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The Papahānaumokuākea Marine National Monument is the second largest protected area in the world – it is a World Heritage listed U.S. National Monument consisting of 583,000 square miles of ocean waters, ten islands, and atolls of the Northwestern Hawaiian Islands. But even with its greatly important status, its natural and cultural value, and its biodiversity, this area still is not safe from our trash. Every year, about 50 tons of marine debris are removed from the faraway Northwestern Hawaiian Islands and all of that waste comes to the site from other places – places all around the globe.

Recently, approximately 100,000 pounds of marine debris have been removed from the monument, specifically from Kure Atoll State Wildlife Sanctuary and Midway Atoll National Wildlife Refuge and Battle of Midway National Memorial. According to the Papahānaumokuākea Marine National Monument website, the amount of trash filled up twelve shipping containers, which is more or less the equivalent of the size and weight of twelve school buses!




The action was carried out thanks to the collaboration of the U.S. Fish and Wildlife Service (FWS), the State of Hawaii, and the National Oceanic Atmospheric Administration (NOAA), whose staff and volunteers had been collecting the debris from the beaches and reefs throughout the last six years, storing it until the shipment to Honolulu was possible.



The efforts to remove marine debris from the area started in 1996, but the waste keeps accumulating consistently and in no lesser quantities. According to NOAA, in the past 20 years, 935 tons of plastic and fishing gear in total have been removed from the monument’s shorelines and reefs.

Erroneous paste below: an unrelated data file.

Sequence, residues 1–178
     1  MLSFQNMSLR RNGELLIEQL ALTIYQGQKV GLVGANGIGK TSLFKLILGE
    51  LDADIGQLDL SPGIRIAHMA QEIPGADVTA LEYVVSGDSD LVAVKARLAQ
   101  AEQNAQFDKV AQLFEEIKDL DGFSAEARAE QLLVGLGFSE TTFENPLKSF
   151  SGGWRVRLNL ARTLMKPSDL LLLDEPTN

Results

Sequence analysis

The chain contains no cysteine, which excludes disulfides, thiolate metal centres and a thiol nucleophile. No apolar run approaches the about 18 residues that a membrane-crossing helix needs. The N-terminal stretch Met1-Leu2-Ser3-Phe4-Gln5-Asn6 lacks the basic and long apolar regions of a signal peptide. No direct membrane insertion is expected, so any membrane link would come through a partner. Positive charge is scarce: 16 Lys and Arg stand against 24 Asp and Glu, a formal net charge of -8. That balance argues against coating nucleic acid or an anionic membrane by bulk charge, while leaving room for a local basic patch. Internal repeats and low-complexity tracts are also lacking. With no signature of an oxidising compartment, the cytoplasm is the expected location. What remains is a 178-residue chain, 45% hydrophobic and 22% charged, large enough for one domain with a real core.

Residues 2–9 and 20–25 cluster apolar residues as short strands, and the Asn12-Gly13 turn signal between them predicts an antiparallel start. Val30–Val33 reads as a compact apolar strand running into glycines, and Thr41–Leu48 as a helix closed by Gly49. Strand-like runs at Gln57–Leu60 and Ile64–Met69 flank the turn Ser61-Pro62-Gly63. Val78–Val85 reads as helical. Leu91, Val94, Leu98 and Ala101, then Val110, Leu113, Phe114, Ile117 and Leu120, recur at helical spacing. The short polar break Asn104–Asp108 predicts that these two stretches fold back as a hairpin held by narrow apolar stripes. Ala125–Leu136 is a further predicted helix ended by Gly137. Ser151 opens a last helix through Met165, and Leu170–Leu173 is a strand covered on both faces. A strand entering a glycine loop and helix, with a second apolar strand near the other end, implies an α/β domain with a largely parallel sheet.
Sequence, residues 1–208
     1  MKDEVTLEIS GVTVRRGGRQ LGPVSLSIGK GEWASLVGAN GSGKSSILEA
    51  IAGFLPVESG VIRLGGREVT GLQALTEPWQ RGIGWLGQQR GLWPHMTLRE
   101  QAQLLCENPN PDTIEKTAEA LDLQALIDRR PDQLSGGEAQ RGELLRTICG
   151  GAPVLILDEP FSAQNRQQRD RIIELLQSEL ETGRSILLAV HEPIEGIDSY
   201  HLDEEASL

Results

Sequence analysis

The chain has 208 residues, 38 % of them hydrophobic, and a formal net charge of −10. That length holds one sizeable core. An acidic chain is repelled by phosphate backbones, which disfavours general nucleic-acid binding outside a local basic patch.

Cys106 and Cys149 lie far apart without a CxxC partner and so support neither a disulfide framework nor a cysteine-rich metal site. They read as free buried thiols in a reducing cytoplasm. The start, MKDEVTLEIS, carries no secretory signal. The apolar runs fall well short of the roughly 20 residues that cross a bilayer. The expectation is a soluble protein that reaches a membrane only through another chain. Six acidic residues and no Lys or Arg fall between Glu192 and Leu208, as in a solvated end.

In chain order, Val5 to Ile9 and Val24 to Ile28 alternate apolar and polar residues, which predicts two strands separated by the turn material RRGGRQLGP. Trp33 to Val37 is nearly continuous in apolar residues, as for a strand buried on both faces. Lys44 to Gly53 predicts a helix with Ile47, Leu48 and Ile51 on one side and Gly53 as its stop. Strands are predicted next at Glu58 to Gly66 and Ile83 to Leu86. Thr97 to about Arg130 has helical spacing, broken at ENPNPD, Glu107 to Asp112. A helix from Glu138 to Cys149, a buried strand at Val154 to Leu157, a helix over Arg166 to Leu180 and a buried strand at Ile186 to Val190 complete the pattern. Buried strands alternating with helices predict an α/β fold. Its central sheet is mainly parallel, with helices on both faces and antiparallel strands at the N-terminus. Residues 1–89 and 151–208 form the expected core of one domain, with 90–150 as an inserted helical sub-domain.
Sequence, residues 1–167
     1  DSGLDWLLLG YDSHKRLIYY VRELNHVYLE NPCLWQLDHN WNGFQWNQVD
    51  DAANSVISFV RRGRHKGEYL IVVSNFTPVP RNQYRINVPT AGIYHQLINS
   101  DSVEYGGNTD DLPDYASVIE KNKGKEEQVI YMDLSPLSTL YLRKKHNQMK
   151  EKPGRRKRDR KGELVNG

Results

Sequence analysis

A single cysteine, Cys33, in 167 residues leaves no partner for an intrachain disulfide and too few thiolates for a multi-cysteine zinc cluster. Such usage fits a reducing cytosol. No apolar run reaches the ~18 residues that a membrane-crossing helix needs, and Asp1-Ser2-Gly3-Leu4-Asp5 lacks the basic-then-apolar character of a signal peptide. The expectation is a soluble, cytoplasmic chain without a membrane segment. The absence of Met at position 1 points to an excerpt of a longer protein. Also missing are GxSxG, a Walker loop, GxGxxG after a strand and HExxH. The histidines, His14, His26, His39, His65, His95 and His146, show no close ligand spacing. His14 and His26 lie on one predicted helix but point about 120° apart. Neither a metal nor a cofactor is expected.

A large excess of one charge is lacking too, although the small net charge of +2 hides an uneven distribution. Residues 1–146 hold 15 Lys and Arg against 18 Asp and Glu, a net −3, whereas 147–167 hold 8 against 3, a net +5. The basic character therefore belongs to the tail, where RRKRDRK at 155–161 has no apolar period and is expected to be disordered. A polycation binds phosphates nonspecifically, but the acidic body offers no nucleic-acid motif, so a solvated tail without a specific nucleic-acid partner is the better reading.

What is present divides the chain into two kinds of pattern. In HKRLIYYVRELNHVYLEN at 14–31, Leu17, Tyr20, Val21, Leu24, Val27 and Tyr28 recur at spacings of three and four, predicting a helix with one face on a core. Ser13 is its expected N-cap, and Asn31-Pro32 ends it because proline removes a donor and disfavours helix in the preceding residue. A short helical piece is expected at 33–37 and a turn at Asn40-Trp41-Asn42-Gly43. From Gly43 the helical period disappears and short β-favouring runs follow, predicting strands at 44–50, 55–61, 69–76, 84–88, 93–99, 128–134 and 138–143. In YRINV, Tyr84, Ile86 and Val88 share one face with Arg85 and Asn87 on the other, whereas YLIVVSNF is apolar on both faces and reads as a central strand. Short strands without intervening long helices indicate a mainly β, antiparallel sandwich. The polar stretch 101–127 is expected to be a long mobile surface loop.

The trash collected in the monument was made up of typical things we throw away without much though about what is going to happen to them, like lighters, toothbrushes, and bottles. This fact shows just how crucial it is for each of us to care for what we are getting rid of and the way we are doing it. Globally, we produce 300 million tons of plastic waste every year. Around 8.8 million tons of it ends up in the oceans. Plastic is a serious threat to many animals, especially marine mammals and birds who risk entanglement and ingest little pieces of it with tragic consequences. Currently, around 700 species of marine animals is facing extinction due to the dangers of plastic waste.

To learn more about how to eliminate single-use plastics from your daily life, join One Green Planet’s #CrushPlastic campaign!

All image source: USFWS – Pacific Region/Flickr

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0 comments on “People Band Together to Remove 100,000 Pounds of Trash From Remote Marine Sanctuary”

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1 Years Ago


1 Years Ago

Thanks to all those who helped clean up all that rash. the human species is an invasive species is a dangerous and invasive one and progress sees to be bigger, faster and more, more , more. This is not progress but entitlement and lack of responsibility and marine animals and their homes are suffering for that.


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